If left untreated, an infection can quickly go from bad to worse when a patient develops sepsis. Nursing home staff have limited time to treat sepsis before it progresses to septic shock—a condition with a mortality rate of nearly 50%.
If nursing home staff fail to treat an infection promptly, and sepsis develops and injures or claims a resident’s life, you could be entitled to compensation for any damages. Attorney Mac Hester of Nursing Home Justice has over 35 years of legal experience. He knows what it takes to gain respect for your family if they’re injured in a long-term care facility.
Contact us at (303) 775-8128 today to schedule your free consultation.
Sepsis is simply defined as the body’s life-threatening response to an infection. Typically, your body’s immune system fights off an infection. However, sometimes—for reasons unknown—your immune system starts attacking everything, including your healthy tissue.
This kickstarts the overwhelming inflammatory response, otherwise known as sepsis.
There are three stages of sepsis: systemic inflammatory response syndrome (SIRS), severe sepsis, and septic shock. The following provides descriptions for each of these stages:
If nursing home staff and medical professionals don’t act quickly, sepsis could lead to organ failure, tissue damage, and the death of a resident in less than 12 hours. Research from the Centers for Disease Control states that 1 in 3 patients diagnosed with sepsis die. This rate could increase to 50% when patients are diagnosed with septic shock.
Survivors are often haunted by their traumatic experiences with sepsis. Research suggests that almost half of them are diagnosed with post-sepsis syndrome. This condition causes victims to experience nightmares, panic attacks, depression, and other life-changing symptoms after their hospitalization for sepsis.
Sepsis is caused by an infection in the body, which can be traced back to germs and bacteria.
The following germs could cause infections that result in sepsis:
Although any infection could lead to sepsis, these five are the most common:
Sepsis can be tricky to identify in nursing home residents because a patient’s chronic condition might be mistaken for a symptom of sepsis. For example, nursing home residents might have cognitive impairments or respiratory issues because of a preexisting condition, not because they’re developing sepsis. If nursing home staff misdiagnose a resident with sepsis, it could lead to unnecessary treatment and complications.
On the contrary, if a nursing home ignores signs of sepsis and writes them off as a symptom of their chronic condition, residents might not be treated at all. Another reason sepsis is hard to identify is that residents might not show any signs. For example, as residents age, they lose the ability to develop a fever to fight off infections, and staff members may overlook sepsis until it’s too late.
Given that sepsis can be challenging to diagnose, nursing home staff must be trained to know the warning signs of sepsis and pay close attention to any acute changes in a patient’s condition.
Although the signs of sepsis vary, here are the general symptoms nursing homes should look for:
If a nursing home suspects sepsis in a resident, they must closely monitor the patient’s vitals to ensure they don’t develop a fever or sudden change in their heart rate. If unsure whether a resident has sepsis, staff should contact a medical professional and simply ask.
The Sepsis Alliance recommends using the helpful acronym TIME to identify sepsis: Temperature, Infection, Mental Decline, and Extremely Ill. Other institutions, such as the Minnesota Hospital Association, recommend using the 100/100/100 rule. The criteria for this rule include the following:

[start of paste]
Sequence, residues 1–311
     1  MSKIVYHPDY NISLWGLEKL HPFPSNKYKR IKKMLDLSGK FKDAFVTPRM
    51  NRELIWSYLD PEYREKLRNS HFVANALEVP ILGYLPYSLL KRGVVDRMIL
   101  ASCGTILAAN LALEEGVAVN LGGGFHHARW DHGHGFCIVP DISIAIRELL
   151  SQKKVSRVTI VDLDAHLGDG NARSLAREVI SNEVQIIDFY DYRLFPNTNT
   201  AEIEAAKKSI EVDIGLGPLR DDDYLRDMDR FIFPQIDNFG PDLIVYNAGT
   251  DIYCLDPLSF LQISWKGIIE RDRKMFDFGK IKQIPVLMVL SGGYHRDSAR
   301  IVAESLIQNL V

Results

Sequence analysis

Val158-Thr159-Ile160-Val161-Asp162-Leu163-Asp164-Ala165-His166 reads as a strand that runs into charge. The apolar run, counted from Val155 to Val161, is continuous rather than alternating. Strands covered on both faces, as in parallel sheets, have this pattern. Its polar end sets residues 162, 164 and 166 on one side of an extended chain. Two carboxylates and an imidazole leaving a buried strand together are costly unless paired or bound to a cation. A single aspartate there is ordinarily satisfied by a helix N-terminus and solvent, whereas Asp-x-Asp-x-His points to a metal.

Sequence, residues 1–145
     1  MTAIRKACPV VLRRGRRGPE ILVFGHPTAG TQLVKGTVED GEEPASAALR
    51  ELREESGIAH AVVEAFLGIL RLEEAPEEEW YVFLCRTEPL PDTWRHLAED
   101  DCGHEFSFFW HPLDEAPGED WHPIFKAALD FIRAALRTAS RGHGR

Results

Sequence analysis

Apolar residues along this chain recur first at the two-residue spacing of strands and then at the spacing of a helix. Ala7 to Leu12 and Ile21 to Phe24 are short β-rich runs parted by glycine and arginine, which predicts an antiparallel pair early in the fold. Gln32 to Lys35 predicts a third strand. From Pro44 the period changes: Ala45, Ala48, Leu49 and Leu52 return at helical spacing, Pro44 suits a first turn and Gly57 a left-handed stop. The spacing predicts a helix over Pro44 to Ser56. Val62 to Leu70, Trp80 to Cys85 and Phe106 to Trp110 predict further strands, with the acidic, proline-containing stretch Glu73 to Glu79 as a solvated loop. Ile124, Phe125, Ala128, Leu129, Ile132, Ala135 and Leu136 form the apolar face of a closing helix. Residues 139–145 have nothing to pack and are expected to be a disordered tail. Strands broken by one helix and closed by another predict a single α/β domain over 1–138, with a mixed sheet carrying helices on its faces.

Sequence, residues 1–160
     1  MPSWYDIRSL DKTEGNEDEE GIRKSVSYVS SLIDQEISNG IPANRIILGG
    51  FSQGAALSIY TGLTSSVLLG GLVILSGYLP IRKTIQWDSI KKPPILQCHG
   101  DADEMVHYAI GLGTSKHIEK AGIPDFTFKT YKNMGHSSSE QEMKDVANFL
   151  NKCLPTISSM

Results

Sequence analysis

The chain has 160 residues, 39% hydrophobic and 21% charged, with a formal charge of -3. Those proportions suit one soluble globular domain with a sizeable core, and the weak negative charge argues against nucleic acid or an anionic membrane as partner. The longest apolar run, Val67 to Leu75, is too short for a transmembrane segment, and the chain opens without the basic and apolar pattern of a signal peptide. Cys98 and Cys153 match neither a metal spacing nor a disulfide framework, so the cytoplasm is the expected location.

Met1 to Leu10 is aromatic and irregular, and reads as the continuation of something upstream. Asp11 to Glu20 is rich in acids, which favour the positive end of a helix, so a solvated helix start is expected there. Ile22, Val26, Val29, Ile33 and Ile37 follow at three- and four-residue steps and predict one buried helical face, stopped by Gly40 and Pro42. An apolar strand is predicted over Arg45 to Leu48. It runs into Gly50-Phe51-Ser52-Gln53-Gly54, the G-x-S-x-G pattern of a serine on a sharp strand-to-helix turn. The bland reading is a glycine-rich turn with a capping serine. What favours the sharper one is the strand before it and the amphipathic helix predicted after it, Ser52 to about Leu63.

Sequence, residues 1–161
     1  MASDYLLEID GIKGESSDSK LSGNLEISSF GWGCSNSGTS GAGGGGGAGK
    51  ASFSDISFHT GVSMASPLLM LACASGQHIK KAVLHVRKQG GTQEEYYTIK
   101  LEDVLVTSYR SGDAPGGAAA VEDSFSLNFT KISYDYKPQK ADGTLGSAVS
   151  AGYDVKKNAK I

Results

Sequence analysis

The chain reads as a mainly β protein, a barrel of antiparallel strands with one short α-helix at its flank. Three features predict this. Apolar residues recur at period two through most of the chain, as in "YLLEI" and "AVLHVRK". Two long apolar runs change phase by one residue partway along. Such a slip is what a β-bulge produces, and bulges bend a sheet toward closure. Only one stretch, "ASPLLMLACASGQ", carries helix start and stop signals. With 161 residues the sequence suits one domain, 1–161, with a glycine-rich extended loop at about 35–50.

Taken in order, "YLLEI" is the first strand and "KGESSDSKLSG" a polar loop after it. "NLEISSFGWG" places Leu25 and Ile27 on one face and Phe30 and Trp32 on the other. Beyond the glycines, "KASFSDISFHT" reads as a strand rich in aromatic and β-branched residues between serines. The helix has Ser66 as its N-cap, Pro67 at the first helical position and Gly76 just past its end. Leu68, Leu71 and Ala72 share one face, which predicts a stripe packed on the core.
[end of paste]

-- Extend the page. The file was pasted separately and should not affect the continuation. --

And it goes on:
Nursing home staff must be trained to identify sepsis and provide initial treatment because sepsis begins before a patient arrives at a hospital approximately 87% of the time. Initial treatment might include intravenous fluids and antibiotics within the first hour of identification to stop sepsis from progressing.
Studies have shown that each hour without antibiotic treatment decreases the survival rate by almost 8%.
Although some nursing homes have enough qualified personnel to monitor severe infections, residents with sepsis will most likely need to be immediately transferred to a hospital. In that case, it’s essential to present any documentation stating how a resident wishes to be cared for.
A resident may forgo hospital treatment, requesting that the condition be treated within the nursing home. If a resident chooses to be transferred, they can detail the type of care they wish to receive.
When a nursing home causes the injury or death of a loved one, you must determine who is liable to ensure you recover the compensation your family needs.
Sepsis is often a result of neglectful nursing homes that fail to treat an existing infection. Nursing homes with poor hygiene, a lack of trained staff members, and inadequate infection control policies could contribute to a resident’s infection, leading to sepsis.
Nursing homes might also misdiagnose residents and force them to undergo treatments they don’t need, which results in further complications. Additionally, if nursing homes ignore the signs of sepsis and their negligence results in a resident’s death, staff members, management companies, and the nursing home itself could be liable for any damages. Your attorney can identify all liable parties and gather evidence to prove their negligence
If the nursing home caused you or your loved one’s damages, you can file a personal injury lawsuit with your attorney to recover the compensation you need for the following:
If sepsis caused the death of your loved one, you could file a wrongful death lawsuit to recover the following damages:
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